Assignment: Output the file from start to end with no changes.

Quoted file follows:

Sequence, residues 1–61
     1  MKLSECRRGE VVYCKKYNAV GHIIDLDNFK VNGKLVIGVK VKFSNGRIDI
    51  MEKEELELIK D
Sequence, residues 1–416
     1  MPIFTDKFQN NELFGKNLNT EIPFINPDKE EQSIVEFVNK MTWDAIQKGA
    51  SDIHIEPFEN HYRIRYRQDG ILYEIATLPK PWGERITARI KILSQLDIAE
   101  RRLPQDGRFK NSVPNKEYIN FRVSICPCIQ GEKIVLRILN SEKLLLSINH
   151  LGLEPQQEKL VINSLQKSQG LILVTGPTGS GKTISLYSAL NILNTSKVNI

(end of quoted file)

Sequence, residues 1–61
     1  MKLSECRRGE VVYCKKYNAV GHIIDLDNFK VNGKLVIGVK VKFSNGRIDI
    51  MEKEELELIK D
Sequence, residues 1–416
     1  MPIFTDKFQN NELFGKNLNT EIPFINPDKE EQSIVEFVNK MTWDAIQKGA
    51  SDIHIEPFEN HYRIRYRQDG ILYEIATLPK PWGERITARI KILSQLDIAE
   101  RRLPQDGRFK NSVPNKEYIN FRVSICPCIQ GEKIVLRILN SEKLLLSINH
   151  LGLEPQQEKL VINSLQKSQG LILVTGPTGS GKTISLYSAL NILNTSKVNI